In a first, an Ebola vaccine wins approval from the FDA

The drug is crucial to efforts to curb an ongoing outbreak of the deadly disease in Congo

Nurse vaccinating someone in Goma

A nurse vaccinates a man against Ebola in the Congolese city of Goma in July. The vaccine, called Ervebo, has been approved by the U.S. Food and Drug Administration.

PAMELA TULIZO/getty images

An Ebola vaccine, already deployed against the often deadly disease in an ongoing outbreak in Congo, is the first approved by the U.S. Food and Drug Administration.

The vaccine, called Ervebo and developed by the pharmaceutical company Merck, underwent testing during the 2014–2016 Ebola outbreak in West Africa and was found to be effective at warding off an infection (SN: 12/22/16).

Approved for those 18 and older, the vaccine prevents disease caused by one species of Ebola virus, Zaire ebolavirus. The FDA’s action, announced December 19, follows in the footsteps of European regulators’ approval in November (SN: 12/16/19). While cases of Ebola in the United States are extremely rare, the FDA considers the vaccine a crucial tool to stop the spread of the disease.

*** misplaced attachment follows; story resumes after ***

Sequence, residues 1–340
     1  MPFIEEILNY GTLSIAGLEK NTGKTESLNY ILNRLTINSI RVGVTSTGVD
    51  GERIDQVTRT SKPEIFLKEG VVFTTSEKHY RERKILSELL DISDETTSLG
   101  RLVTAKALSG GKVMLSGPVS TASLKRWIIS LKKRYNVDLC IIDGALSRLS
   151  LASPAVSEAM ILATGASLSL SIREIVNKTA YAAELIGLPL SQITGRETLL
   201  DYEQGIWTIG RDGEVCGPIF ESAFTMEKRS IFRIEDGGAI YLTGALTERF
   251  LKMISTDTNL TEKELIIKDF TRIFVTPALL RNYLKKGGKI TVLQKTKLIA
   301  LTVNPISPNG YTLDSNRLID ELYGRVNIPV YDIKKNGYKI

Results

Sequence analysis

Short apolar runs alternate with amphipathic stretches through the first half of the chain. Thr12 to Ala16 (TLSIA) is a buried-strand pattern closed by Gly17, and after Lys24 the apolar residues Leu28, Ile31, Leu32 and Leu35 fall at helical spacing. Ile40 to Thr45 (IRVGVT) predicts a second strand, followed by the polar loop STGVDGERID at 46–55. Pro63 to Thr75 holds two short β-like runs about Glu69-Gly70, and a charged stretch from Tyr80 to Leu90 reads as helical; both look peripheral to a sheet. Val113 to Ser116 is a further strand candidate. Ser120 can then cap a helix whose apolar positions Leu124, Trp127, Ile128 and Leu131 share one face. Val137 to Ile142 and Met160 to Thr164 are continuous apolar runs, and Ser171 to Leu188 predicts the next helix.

In Congo’s Ebola outbreak, there have been 3,351 cases and 2,211 deaths as of December 18, according to the World Health Organization (SN: 5/21/18). More than 250,000 people have been vaccinated.

Health officials working to control the outbreak have been aided by the vaccine as well as experimental treatments for those already infected (SN: 2/11/19). Two of the four treatments proved effective at preventing death from the disease in a clinical trial conducted during the outbreak (SN: 8/12/19). (One of those treatments is made by Regeneron Pharmaceuticals, a major financial supporter of the Society for Science & the Public, which publishes Science News.)

The number of new cases has been declining, but conditions in the country remain treacherous for those working to bring the outbreak to an end. In late November, armed attackers killed four workers assisting in the outbreak, including a member of a vaccination team.

Aimee Cunningham is the biomedical writer. She has a master’s degree in science journalism from New York University.

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